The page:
Blasting to New Heights

Campus to offer first engineering class

Photo courtesy of Taryn Holmes

Photo courtesy of Taryn Holmes

Taryn Holmes, Assistant Editor-in-Chief

Entering the 2018-2019 school year, many changes occurred on the high school campus. From the physical appearance of the cafeteria to an expansion of courses, DHS continues to grow. Intro to Engineering, taught by Mickey Morgan, seems like a promising addition to the school. Students jumped at the chance to take this exciting new course and look forward to a year of pleasant surprises.

For many students, the goal of entering an engineering career seemed far down the path, something many students start in college. Due to the introduction of this new course, the opportunity to better prepare and get a head start in this career field excites the future engineers here.

“Engineering has always interested me. It is something I’ve always thought about as a career,” junior Madelyn Thompson said.

Besides students aspiring for an engineering career, some people saw the course as an opportunity to expand their knowledge on a general basis.

“ I took this class because I’m hoping to further my knowledge in STEM,” junior Milly Rowden said.

With the prospect of an exciting new course, students prepare for a year of action and interesting activities. Eager to begin, students look forward to a variety of hands on projects and learning.

“I’m looking forward to being able to build rockets with my friends in the class and enjoying learning new things,” Thompson said.

Morgan, previously a part of the Decatur technology department, joins the ranks of DHS teachers. He expresses his excitement at the prospect of joining the CTE program and helping his students grow in their learning.

“The point of the engineering class is to create innovators, to get them to think about solutions before the problems even present themselves, and to be able to find the answers on their own without needing someone to hand it to them,” Morgan said.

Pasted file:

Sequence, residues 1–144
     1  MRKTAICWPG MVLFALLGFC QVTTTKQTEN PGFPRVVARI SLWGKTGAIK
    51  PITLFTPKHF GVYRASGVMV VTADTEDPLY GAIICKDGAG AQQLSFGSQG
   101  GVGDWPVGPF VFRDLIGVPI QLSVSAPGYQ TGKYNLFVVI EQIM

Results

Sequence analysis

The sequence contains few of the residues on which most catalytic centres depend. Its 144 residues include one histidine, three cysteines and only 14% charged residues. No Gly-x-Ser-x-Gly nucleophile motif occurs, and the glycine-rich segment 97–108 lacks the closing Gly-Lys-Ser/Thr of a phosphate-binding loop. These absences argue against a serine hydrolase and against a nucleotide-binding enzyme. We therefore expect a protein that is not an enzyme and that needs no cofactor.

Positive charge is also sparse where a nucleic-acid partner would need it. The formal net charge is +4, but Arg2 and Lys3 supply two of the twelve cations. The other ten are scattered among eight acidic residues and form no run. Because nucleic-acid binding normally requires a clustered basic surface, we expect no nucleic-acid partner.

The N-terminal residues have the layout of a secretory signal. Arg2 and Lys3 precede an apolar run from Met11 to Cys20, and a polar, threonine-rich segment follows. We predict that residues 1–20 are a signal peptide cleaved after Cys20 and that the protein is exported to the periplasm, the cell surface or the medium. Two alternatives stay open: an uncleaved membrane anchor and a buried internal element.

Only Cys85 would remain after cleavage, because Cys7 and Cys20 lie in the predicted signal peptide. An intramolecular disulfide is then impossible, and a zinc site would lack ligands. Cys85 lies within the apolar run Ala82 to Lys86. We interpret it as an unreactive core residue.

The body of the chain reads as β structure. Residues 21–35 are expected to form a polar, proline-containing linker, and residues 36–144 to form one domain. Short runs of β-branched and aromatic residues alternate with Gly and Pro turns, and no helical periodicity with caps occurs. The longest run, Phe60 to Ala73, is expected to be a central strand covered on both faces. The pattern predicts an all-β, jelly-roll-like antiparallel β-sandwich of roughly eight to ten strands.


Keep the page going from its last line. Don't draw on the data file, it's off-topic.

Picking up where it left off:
Through looking at ways other engineers approach certain topics, like future technologies that have been presented, and guiding students on how to problem solve using rocket building, Morgan hopes to leave a positive influence in the lives of his students.

“That’s what I want every student in there to do, so that when they leave my class…they have the ability when they get there that when a problem arises they don’t crumble, they see it as an obstacle that can be defeated, and they conquer it and even go beyond and foresee future problems to come,” Morgan said.

Most importantly, Morgan hopes his students realize the great prospect of innovation and the value in failure, as well as success.

“Not every rocket will be a success in the sense that it will reach the mile and do what we ask, but every rocket will be a success in the sense that everybody will try to make it and put

their own unique touches on it. You have a goal and it’s always great to achieve that goal, but trying to achieve [it] and the journey to get there is so much more important,” Morgan said.

Evidently students need to prepare for a lot of changes as the year surges forward. From the study of engineering to rocket building, students taking this class better prepare for a year of growth, ending with all different kinds of success.

“Colleges and companies are realizing…that these students are creating something out of nothing…achieving their goals, and there are a lot of them that go on to do great things,” Morgan said.